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Knowledge and Perception of Leprosy Patients toward Self-care Practice in Mangalore, India: A Cross-sectional Study


Background: Leprosy is a chronic granulomatous infection that mainly affects the skin and peripheral nerves, causing deformities if not treated early. Disability prevention hinges on early diagnosis and poor knowledge of leprosy and its presentation leads to delays in seeking medical care. This study aimed to assess the knowledge and perception of leprosy and its associated self-care practices among patients with leprosy in Mangalore, India.

Methods: A cross-sectional questionnaire-based study was conducted in the dermatology outpatient department and leper homes in Mangalore. A validated predesigned and structured questionnaire was used to gauge knowledge of leprosy, and based on modified Bloom’s cutoff points, patients were categorized into those having good, moderate, or poor knowledge. Questions regarding their self-care practices were also asked and scored to assess their perception of the same, and the data were analyzed using SPSS.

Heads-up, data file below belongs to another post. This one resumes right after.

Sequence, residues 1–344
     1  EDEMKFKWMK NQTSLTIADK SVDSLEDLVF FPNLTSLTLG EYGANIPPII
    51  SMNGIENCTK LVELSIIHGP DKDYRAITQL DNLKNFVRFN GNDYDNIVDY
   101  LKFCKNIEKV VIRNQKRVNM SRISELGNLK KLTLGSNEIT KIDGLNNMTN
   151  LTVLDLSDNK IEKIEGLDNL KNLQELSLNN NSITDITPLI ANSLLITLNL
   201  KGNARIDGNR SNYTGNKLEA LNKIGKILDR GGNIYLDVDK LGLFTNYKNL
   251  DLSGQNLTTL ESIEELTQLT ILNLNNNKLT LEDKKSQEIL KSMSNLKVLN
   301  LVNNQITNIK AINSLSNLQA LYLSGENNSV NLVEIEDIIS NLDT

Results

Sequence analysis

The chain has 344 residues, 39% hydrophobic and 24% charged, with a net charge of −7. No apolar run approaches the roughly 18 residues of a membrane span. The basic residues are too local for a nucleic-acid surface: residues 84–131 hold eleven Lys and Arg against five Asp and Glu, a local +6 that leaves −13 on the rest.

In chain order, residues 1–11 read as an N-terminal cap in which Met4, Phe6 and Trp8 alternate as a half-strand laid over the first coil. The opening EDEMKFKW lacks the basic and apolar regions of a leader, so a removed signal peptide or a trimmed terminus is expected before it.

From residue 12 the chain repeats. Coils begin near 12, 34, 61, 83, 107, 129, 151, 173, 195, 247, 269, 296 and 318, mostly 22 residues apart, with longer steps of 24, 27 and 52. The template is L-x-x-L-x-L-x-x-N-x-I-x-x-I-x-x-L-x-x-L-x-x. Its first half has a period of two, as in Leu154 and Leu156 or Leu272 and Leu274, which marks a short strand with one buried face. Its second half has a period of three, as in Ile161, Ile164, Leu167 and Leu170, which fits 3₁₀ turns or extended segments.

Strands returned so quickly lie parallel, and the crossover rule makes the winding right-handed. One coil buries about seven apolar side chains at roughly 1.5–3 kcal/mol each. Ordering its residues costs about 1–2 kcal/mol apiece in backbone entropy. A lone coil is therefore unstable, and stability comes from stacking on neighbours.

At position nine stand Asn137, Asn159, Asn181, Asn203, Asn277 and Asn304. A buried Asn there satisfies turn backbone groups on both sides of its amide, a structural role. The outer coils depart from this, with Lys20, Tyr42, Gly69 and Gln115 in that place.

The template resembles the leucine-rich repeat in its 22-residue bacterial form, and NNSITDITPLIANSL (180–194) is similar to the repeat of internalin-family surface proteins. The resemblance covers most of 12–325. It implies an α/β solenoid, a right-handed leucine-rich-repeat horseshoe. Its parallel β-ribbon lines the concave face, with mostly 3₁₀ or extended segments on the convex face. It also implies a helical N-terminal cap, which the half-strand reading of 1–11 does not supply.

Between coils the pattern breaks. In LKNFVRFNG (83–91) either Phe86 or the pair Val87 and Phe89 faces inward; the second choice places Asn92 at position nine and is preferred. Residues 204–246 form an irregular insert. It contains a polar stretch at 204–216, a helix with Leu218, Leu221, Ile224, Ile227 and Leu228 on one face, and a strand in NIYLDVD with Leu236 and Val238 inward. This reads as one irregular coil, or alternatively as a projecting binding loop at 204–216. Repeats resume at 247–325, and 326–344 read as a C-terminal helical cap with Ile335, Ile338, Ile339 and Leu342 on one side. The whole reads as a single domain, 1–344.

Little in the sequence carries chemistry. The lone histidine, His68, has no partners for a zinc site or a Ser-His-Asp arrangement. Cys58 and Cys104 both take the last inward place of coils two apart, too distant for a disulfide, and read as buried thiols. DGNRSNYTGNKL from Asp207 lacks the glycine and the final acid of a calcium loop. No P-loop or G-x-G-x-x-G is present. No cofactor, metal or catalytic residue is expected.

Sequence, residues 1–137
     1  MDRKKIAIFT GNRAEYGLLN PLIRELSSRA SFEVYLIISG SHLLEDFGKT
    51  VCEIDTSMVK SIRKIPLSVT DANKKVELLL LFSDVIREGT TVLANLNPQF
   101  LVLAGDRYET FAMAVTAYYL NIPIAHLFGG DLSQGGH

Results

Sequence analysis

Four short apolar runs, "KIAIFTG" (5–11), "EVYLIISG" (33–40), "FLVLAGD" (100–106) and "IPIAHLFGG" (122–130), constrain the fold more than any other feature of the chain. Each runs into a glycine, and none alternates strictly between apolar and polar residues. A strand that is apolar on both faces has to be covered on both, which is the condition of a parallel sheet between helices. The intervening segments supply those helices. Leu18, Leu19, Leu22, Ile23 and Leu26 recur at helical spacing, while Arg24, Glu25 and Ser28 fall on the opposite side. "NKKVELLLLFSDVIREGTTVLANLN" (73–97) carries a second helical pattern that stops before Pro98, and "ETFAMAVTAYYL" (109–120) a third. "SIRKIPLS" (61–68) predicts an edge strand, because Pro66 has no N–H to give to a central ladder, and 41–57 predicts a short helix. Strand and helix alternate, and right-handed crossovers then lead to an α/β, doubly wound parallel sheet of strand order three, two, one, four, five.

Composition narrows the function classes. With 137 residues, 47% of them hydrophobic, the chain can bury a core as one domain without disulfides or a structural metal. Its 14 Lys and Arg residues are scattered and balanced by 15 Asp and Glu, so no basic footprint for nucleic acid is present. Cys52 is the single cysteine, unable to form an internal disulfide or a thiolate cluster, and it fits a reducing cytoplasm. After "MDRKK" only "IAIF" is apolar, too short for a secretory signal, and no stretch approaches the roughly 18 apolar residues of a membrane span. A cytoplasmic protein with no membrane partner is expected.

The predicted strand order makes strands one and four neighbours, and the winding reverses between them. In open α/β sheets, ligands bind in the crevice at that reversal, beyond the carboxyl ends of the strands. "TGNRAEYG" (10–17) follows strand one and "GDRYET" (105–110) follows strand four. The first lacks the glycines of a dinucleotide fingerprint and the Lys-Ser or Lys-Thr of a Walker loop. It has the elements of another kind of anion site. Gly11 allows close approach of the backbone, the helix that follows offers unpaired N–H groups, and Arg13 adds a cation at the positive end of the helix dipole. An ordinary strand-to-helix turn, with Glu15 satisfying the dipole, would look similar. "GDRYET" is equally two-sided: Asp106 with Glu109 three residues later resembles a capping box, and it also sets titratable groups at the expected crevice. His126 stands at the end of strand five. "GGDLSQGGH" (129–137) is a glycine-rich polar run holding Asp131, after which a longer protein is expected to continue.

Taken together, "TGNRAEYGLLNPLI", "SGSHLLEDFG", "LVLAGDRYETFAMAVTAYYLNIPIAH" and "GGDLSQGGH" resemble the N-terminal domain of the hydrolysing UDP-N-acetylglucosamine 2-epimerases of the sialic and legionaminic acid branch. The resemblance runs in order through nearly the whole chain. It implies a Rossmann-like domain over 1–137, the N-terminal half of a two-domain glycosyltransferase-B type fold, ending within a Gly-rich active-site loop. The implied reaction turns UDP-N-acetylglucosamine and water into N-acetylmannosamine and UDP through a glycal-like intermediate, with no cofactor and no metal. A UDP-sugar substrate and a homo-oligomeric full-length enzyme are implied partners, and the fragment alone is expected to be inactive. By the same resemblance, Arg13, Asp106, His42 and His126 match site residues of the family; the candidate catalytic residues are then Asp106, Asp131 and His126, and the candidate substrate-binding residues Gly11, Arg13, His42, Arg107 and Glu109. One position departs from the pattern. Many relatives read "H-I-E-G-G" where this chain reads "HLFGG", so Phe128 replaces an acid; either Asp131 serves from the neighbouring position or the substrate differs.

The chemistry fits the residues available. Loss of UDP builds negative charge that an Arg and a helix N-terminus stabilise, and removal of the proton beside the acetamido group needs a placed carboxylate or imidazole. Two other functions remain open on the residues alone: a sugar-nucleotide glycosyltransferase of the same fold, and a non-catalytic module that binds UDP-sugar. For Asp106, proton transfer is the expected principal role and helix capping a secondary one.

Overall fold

Results: A total of 45 leprosy patients participated in this study, out of which 5 (11.1%) of them had “good knowledge,” 19 (42.2%) had “moderate knowledge,” and 21 (46.7%) of them had “poor knowledge” of leprosy. Male gender, young age, and being employed as a “skilled worker” were the groups that showed statistically significantly higher knowledge levels (P < 0.05), and having some secondary schooling was associated with good knowledge and was highly significant (P < 0.001).

Conclusion: A majority of the patients only had a poor or moderate level of knowledge of leprosy despite being afflicted with leprosy themselves. This needs to be remedied as there are many risks associated with low knowledge such as missing disease progression and poorer compliance to pharmacotherapy.

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Journal Article
Joseph JN
Fernandes MS